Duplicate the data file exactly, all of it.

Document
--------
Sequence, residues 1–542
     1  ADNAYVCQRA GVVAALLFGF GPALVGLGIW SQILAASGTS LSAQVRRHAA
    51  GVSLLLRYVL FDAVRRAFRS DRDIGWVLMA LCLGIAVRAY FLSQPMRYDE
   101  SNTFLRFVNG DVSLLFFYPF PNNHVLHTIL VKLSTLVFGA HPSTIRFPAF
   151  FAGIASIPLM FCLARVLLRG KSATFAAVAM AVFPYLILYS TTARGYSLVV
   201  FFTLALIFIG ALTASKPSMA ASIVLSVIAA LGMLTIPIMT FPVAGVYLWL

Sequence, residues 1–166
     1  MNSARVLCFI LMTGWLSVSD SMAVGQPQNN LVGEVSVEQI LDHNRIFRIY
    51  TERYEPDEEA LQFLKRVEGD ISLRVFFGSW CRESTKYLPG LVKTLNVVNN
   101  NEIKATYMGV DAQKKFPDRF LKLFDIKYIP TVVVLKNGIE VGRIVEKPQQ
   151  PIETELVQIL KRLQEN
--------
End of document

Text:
Sequence, residues 1–542
     1  ADNAYVCQRA GVVAALLFGF GPALVGLGIW SQILAASGTS LSAQVRRHAA
    51  GVSLLLRYVL FDAVRRAFRS DRDIGWVLMA LCLGIAVRAY FLSQPMRYDE
   101  SNTFLRFVNG DVSLLFFYPF PNNHVLHTIL VKLSTLVFGA HPSTIRFPAF
   151  FAGIASIPLM FCLARVLLRG KSATFAAVAM AVFPYLILYS TTARGYSLVV
   201  FFTLALIFIG ALTASKPSMA ASIVLSVIAA LGMLTIPIMT FPVAGVYLWL

Sequence, residues 1–166
     1  MNSARVLCFI LMTGWLSVSD SMAVGQPQNN LVGEVSVEQI LDHNRIFRIY
    51  TERYEPDEEA LQFLKRVEGD ISLRVFFGSW CRESTKYLPG LVKTLNVVNN
   101  NEIKATYMGV DAQKKFPDRF LKLFDIKYIP TVVVLKNGIE VGRIVEKPQQ
   151  PIETELVQIL KRLQEN